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Ensitehwa is an older gentleman from Uganda who needs $196 to fund a mass removal on his neck.

Ensitehwa
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  • $0 raised, $196 to go
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October 12, 2020

Ensitehwa is an elderly man from Uganda. He came to the hospital with a swollen mass on his neck that he has had for four years. The painful swelling limits his ability to turn his neck fully and causes him to have a headache. He is also not able to lie on his back nor is he able to do physically strenuous work for a long time.

He has not been to any hospital previously for the treatment, but it is recently more painful. He opted to come to Nyakibale Hospital and was diagnosed with a posterior lipoma that doctors want to remove. With the surgery, he will be able to lead a normal life and his persistent pain will be over.

Ensitehwa is a 62-year-old father of four. Two of his children are still in school while the other two married. Together with his wife, they tend to their banana and coffee plantation to make ends meet, especially to earn money for school fees for their children. He needs financial support for the planned surgery and appeals for help. 

On October 13th, surgeons will remove the mass. Now, Ensitehwa needs help to raise $196 to fund this procedure. Ensitehwa shared, “I hope to get a new lifestyle and regain my health once this operation goes on successfully.”

Ensitehwa is an elderly man from Uganda. He came to the hospital with a swollen mass on his neck that he has had for four years. The painful...

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Ensitehwa's Timeline

  • October 12, 2020
    PROFILE SUBMITTED

    Ensitehwa was submitted by Robert Kariuki, Process Coordinator at African Mission Healthcare, our medical partner in Uganda.

  • October 13, 2020
    TREATMENT SCHEDULED

    Ensitehwa was scheduled to receive treatment at Karoli Lwanga Hospital, Nyakibale. Medical partners often provide care to patients accepted by Watsi before those patients are fully funded, operating under the guarantee that the cost of care will be paid for by donors.

  • October 13, 2020
    PROFILE PUBLISHED

    Ensitehwa's profile was published to start raising funds.

  • TODAY
    AWAITING FUNDING

    Ensitehwa is currently raising funds for his treatment.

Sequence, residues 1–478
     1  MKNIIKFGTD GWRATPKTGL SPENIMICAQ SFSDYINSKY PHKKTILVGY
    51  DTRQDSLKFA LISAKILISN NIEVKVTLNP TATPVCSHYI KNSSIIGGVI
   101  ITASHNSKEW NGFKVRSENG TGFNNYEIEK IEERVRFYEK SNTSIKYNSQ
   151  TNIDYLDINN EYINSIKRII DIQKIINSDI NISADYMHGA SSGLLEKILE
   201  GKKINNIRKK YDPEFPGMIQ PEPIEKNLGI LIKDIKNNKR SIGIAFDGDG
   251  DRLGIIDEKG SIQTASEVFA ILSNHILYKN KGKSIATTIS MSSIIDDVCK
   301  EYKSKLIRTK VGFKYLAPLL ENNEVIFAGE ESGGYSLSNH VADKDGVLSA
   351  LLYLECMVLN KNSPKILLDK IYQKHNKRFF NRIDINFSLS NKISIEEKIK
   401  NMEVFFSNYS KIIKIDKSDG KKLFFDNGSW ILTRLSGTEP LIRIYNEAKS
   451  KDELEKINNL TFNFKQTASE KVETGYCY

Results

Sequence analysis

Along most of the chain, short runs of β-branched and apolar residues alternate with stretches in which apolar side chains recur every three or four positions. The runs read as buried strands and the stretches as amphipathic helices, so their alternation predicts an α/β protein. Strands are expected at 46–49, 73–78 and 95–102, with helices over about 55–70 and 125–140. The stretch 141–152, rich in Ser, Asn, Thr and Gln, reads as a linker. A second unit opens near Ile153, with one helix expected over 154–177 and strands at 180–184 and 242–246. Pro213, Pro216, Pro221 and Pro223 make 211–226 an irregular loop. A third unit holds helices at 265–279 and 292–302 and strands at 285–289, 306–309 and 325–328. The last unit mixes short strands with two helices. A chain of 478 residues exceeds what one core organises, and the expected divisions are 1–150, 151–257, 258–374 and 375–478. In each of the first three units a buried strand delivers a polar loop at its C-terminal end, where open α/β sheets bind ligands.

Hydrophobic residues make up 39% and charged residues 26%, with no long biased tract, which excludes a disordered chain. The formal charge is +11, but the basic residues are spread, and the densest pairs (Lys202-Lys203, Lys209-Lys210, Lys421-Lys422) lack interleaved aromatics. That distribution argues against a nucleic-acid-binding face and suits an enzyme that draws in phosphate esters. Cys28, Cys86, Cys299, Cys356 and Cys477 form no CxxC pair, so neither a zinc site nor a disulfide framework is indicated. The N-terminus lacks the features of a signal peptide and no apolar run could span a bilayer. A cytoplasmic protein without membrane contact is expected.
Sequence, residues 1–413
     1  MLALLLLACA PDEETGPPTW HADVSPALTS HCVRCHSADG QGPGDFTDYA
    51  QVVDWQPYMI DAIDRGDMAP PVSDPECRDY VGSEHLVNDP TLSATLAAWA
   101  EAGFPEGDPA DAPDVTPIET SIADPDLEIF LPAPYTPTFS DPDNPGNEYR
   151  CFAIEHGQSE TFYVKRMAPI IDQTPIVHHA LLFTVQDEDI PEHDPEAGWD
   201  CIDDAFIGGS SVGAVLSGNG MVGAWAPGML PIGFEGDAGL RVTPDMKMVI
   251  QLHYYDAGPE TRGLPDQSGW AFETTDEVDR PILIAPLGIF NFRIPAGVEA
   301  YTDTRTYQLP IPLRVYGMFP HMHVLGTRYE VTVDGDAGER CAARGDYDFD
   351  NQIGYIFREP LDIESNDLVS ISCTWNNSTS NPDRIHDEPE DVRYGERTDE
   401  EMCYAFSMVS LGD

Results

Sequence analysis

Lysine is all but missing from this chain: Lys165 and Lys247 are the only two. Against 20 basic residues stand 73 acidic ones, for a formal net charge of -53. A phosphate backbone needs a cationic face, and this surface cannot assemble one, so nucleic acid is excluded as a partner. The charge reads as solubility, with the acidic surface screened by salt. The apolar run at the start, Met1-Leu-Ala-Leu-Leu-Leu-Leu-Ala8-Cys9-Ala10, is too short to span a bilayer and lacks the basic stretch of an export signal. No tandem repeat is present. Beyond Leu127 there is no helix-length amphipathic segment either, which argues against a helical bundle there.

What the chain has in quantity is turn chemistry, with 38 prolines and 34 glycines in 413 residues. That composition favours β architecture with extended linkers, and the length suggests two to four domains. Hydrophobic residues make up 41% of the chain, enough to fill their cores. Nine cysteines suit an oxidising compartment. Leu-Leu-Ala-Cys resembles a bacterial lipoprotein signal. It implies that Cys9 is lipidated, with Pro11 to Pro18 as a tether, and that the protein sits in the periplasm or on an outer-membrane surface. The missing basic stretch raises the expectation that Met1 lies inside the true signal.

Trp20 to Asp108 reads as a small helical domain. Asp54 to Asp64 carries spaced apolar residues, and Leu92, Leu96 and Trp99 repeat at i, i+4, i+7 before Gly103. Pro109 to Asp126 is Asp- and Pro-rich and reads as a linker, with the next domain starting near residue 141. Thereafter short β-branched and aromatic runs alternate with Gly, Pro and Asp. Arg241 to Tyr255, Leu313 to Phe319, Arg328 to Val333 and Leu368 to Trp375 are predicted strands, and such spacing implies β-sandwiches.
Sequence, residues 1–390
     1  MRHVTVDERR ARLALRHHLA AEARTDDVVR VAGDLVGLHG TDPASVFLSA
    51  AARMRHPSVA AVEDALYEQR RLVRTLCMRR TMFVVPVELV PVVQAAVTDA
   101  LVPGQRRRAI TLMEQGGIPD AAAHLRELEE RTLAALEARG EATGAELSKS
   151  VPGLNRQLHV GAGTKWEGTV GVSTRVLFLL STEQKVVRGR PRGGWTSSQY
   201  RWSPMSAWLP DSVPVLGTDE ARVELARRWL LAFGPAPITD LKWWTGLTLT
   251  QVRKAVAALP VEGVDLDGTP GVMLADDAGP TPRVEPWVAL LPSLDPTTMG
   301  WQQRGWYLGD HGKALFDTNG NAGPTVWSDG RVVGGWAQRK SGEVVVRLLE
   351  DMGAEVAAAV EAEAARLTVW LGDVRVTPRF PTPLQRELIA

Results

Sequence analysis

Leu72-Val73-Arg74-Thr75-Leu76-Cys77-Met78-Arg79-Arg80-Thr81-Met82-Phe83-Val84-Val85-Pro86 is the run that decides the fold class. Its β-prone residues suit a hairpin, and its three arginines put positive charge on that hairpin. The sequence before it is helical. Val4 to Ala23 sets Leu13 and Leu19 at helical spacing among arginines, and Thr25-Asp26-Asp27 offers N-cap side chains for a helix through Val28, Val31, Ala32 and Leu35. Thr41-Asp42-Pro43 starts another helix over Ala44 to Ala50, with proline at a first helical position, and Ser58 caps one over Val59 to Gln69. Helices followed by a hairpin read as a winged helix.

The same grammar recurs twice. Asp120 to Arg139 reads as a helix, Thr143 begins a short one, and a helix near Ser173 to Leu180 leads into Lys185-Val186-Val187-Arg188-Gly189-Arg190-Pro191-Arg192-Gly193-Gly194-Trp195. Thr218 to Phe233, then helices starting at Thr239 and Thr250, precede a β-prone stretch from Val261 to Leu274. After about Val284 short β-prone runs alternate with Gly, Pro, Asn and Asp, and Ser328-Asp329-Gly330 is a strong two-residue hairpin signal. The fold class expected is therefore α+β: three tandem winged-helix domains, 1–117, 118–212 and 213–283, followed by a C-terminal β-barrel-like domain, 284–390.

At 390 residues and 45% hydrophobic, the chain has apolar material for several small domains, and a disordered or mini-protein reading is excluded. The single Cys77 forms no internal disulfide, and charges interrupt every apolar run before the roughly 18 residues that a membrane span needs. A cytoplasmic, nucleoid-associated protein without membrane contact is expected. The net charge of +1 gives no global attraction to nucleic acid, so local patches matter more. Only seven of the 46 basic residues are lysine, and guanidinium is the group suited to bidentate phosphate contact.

• TBD
    AWAITING UPDATE

    Awaiting Ensitehwa's treatment update from African Mission Healthcare.

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Treatment
Mass Excision
  • Cost Breakdown
  • Diagnosis
  • Procedure
On average, it costs $196 for Ensitehwa's treatment
Hospital Fees
$95
Medical Staff
$0
Medication
$29
Supplies
$28
Labs
$34
Other
$10
  • Symptoms
  • Impact on patient's life
  • Cultural or regional significance

​What kinds of symptoms do patients experience before receiving treatment?

Broadly speaking, masses come in two types: benign (not cancer) and malignant (cancer). The types of tumors are many and could range from osteosarcoma of the jaw (a bone tumor) to thyroid enlargement to breast lump to lipoma (benign fat tumor), among others. The symptoms vary depending on the type of tumor. Not all tumors, cancerous or benign, show symptoms. A common benign tumor, such as a lipoma (fatty tumor), may cause local pressure and pain, or may be disfiguring and socially stigmatizing. An ovarian mass may be benign or cancerous and may cause pain, bleeding, or, if malignant, death.

​What is the impact on patients’ lives of living with these conditions?

If the tumor is cancerous, it is usually aggressive and invasive. If not treated (like certain skin cancers, for example) there could be great tissue destruction, pain, deformity, and ultimately death.

What cultural or regional factors affect the treatment of these conditions?

Due to lack of accessibility to treatment facilities, some of the patients have lived with masses for a long time. Access to medical facilities is difficult for people living in remote parts of Uganda.

  • Process
  • Impact on patient's life
  • Risks and side-effects
  • Accessibility
  • Alternatives

What does the treatment process look like?

The patient is usually admitted for three days. They undergo three- to five-hour surgery depending on the location of the mass and whether it's cancerous. After surgery, they are continuously monitored in the wards.

What is the impact of this treatment on the patient’s life?

In the case of cancer, the procedure can be life-saving. In the case of benign tumors, patients can be free of pain or social stigma.

What potential side effects or risks come with this treatment?

If the tumor is cancerous, the surgeon will only try to remove it if the procedure would be curative. If cancer has already spread, then surgery cannot help. Most of these surgeries are not very risky.

How accessible is treatment in the area? What is the typical journey like for a patient to receive care?

There are few qualified facilities and surgeons to perform this procedure.

What are the alternatives to this treatment?

Alternatives depend on the type of tumor. If the tumor is cancerous, chemotherapy may help, but that treatment is even less available than surgery. If the tumor is benign, it depends on the condition but just watching the mass would be one option.

Meet another patient you can support

100% of your donation funds life-changing surgery.

Meet another patient you can support

100% of your donation funds life-changing surgery.